Wind, sun power hostel on wheels |

Wind, sun power hostel on wheels

Greg Marshall, Off the Record staff

It’s the magic school bus for skiers: a solar and wind powered hostel on wheels built with 90 percent recycled materials to carry racers to competitions in the Mountain West.

The Shred Wagen, winged with used solar panels and a wind generator, sleeps eight people in bunk beds. The Dodge Ram that pulls the trailer runs on biodiesel and natural gas. It offers guests a full shower, bathroom and, most alluringly, hot water.

The project took Jesse Swing and his friends more than three months to construct and cost $10,000. But after a successful tour last year, the mobile hostel has stayed off the road so far this year because of the bad economy.

Accommodations on the Wagen are modest, but not without charm. Swing, who graduated from Park City High School in 1997, lacquered a salad bowl and turned it into a bathroom sink. He pilfered a stove out of a motor home in a junkyard and installed it in the kitchen. He bought batteries, solar panels and a wind generator used and scavenged Craig’s List for mattresses and furniture. He stripped the bark from dead trees and milled his own wood. The hodge-podge of renewable energy sources surprises onlookers, Swing said, and the interior is more hospitable than expected.

Swing’s sister, Jannicke, sewed curtains and mattress covers out of fabric she purchased at thrift stores and papered the walls with pages from her dad’s Encyclopedia Britannica from the late 1960s. "We wanted to use all our resources to educate and inspire people," said Swing, who co-founded the nonprofit organization Heal the Snow in the summer of 2006.

The Swing siblings and racing buddy Nate Johansing spent some of the winter months following the U.S. Freestyle circuit in Telluride, Squaw Valley, Jackson Hole and Crested Butte. The Shred Wagen appeared in the Jeep 48 Straight event at The Canyons this summer as part of the "eco alley." In total, the team traveled 7,000 miles in three months. "We’re really welcome everywhere we go," Jesse Swing said.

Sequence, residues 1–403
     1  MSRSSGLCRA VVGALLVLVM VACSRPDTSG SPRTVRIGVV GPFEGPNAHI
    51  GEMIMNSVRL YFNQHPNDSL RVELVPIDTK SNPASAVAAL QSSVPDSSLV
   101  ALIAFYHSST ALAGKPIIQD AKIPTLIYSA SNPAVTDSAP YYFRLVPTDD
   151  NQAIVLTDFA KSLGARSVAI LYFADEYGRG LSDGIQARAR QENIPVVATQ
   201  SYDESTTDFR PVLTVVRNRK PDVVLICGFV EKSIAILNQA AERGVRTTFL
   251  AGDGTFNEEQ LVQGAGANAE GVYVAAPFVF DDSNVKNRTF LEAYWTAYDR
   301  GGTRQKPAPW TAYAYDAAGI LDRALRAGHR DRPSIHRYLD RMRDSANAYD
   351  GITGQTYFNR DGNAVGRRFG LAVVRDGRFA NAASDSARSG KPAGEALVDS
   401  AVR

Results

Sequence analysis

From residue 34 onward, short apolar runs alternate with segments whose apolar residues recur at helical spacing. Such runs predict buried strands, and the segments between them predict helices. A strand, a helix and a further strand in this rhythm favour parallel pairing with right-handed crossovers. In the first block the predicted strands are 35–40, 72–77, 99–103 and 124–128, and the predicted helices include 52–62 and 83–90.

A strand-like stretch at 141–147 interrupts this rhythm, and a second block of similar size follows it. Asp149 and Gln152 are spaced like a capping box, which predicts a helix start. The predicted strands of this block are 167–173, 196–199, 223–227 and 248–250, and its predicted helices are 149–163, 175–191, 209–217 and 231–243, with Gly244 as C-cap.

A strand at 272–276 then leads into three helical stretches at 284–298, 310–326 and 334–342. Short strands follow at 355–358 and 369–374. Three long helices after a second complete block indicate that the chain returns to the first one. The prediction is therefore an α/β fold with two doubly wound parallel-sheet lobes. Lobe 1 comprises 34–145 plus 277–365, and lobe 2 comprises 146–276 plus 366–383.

While the vehicle’s primary purpose is to educate people about clean fuels and energy independence, housing for competitors soon emerged as an offshoot. At $20 a night, the Shred Wagen is one of the most affordable deals in any town. "We wanted to go around to different ski resorts," Swing explained. "Ski bums are cheap and sometimes they can’t afford a place to stay."

More than a year after it was completed, the Shred Wagen remains largely unused this winter. Heal the Snow has hit hard times with the tight economy and had to cancel early appearances.

The organization needs $20,000 in donations to get on the road again for the Freestyle tour. People can support the Shred Wagen with cash donations, or by joining organizers on road trips.

Heal the Snow started with the desire to preserve natural winters and the pristine conditions necessary for world-class skiing and snowboarding. Johansing plans to start a clean fuel cooperative in Steamboat, Colo., and said in the future he would like to see sister organization for other sports, such as Heal the Surf. He even envisions a whole fleet of eco-friendly vans, trucks and mobile homes cruising the freeways and byways in the future. "Wherever you are, wherever your sport is, that’s what you have to work to preserve," he said.

Besides the mobile cabin, Heal the Snow works to solve the clean fuel quagmire, Johansing said. The organization has partnered with American Fuel Vehicles to educate people about cleaner fuels.

Jannicke Swing already has the mindset to reduce, reuse and recycle. She designed and decorated the interior of the Shred Wagen. Heal the Snow has helped her spread the word about alternative fuels. "I definitely believe our younger generation is the change we want to see," said Swing, who graduated from the University of Utah in May with an art degree. "We’re putting back in what we take out of the earth. We want everyone to be in touch with what’s going on."

Swing’s mission is to foster a community where people rely on each other. "It’s all about the little things," she said, like keeping a compost heap and switching to fluorescent bulbs. "At first, it seems like a ritual. Then it becomes a habit."

For more information, or to donate, visit .